Easygoing Overachievers / by ERIC ASIMOV, the NewYork Times

le 2 août, 2013 Presse Pas de commentaires

Wines classically must meet certain criteria to be called great. They need to have the capacity to age, evolve and improve, to show complexity and to inspire contemplation while satisfying the soul through sheer deliciousness. They ought to have a distinctive sense of place — that is, express the character, conditions and culture of a particular region. Recent years have seen the rise of other if less convincing standards for “greatness,” like high ratings and high prices.

 

By whatever scale you use, Beaujolais has rarely been included in anybody’s pantheon of great wines. It has been considered an archetypal joyous wine, pleasant and thirst-quenching. But consequential? Hardly. It lacks, to use a ponderous word, gravitas.

I’ve said as much myself, but I have reconsidered. I’ve had so many really good, complex Beaujolais wines that I can’t help thinking, these wines are great.

Now, Beaujolais itself is an awfully vague term, so let me be clear about which wines I’m calling great. Beaujolais is often used to refer to all the wines of the region, but technically, what is called, simply, Beaujolais is the region’s most basic wine. These bottles are often the least expensive, from vineyard sites considered to have the least potential. Plain Beaujolais from a good producer, like Pierre-Marie Chermette’s Cuvée Traditionnelle or Jean-Paul Brun’s L’Ancien, epitomizes the lip-smacking pleasure for which the region is known.

A step up in the hierarchy is Beaujolais-Villages, wines that can be extremely pleasant and great values. At the top are the 10 Beaujolais crus, villages thought to be so distinctive that their names are appellations. They are — deep breath — Brouilly, Chénas, Chiroubles, Côte de Brouilly, Fleurie, Juliénas, Morgon, Moulin-à-Vent, Régnié and St.-Amour.

These are the wines that I have come to believe are capable of greatness, especially in a vintage like 2011, in which so many wines seem to fulfill their potential. If I wasn’t sure already, a recent wine panel tasting of 20 bottles of 2011 cru Beaujolais helped to prove the point.

For the tasting, Florence Fabricant and I were joined by Daniel Johnnes, wine director for Daniel Boulud’s Dinex restaurant group and an importer, and Michael Madrigale, the head sommelier at Bar Boulud and Boulud Sud.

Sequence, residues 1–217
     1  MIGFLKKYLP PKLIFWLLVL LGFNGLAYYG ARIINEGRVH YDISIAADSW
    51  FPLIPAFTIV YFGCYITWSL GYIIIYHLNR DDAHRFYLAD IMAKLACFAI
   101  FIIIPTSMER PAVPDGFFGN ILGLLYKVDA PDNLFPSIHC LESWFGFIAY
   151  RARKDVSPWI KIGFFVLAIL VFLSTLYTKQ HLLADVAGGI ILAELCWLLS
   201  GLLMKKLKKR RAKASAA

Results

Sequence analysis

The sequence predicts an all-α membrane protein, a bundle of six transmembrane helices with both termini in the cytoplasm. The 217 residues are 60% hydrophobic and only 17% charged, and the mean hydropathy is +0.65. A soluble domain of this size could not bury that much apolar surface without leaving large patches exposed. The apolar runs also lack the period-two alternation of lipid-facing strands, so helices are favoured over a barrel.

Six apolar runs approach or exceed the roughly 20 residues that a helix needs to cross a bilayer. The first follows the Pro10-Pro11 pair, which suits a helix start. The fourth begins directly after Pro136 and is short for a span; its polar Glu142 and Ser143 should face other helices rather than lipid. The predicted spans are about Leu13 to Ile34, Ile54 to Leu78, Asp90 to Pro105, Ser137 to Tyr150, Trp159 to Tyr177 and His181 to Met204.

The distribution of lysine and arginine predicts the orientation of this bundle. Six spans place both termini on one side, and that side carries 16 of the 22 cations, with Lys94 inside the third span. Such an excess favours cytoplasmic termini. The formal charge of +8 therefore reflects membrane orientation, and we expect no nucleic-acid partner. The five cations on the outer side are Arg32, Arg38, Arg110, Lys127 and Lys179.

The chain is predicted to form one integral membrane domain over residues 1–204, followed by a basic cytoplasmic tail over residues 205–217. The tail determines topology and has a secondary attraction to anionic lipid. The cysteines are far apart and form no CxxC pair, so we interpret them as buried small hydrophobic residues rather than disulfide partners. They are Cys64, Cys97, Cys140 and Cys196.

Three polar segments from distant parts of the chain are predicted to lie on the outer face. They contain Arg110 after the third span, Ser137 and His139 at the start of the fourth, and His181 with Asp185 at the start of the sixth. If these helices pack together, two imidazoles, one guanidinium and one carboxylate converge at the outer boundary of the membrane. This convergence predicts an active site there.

It would be hard to exaggerate how good these 2011s were. They showed all the delicious drinkability of Beaujolais, yet they were structured and balanced, with layers of complex flavors and added dimensions of depth, purity and nuance. They made us all feel grateful that, unlike so many great wines, these were affordable as well.

“I’m happy that wines like this exist in the world,” Michael said. “They’re not oaky, not expensive, don’t require 30 years of aging. They’re the greatest secret in wine.”

Daniel experienced an almost electric sensation tasting them.

“With these wines, there’s a complexity and seriousness underneath the veneer of joy and deliciousness,” he said.

What is it, then, that might cause one to hesitate in calling these wines great?

“To put ‘sophisticated wine lover’ and ‘Beaujolais’ in the same sentence is a little odd,” Florence said.

Put another way, the easygoing qualities of Beaujolais work against it. But does a great wine really need to be forbidding? That question deserves reassessment.

I haven’t mentioned Beaujolais nouveau, the reason for so many of the recent woes of the Beaujolais region. What began as a quaint local custom of celebrating the harvest each fall by making a fruity young wine with some of the new grapes became a worldwide marketing phenomenon that changed the way many in the region grew their grapes and made their wines. The result, when the fun wore off, was an oversupply of poor wine and a region in such economic trouble that for some growers it was less expensive to let grapes rot on the vines than to harvest them.

The nouveau fad created an image problem as well. Many consumers think only of nouveau, and of harmless fruity wine, when they think of Beaujolais. The recent past is a difficult obstacle to overcome.

Even as the nouveau phenomenon grew, some Beaujolais vignerons made serious wines regardless of fashion. These wines went beyond the pre-nouveau ideal of Beaujolais as a gulpable joy. Indeed, their goal was to show what could be accomplished when the gamay grape was grown with painstaking care in the best granite soils, with yields kept low and manipulation in the winery kept to a minimum.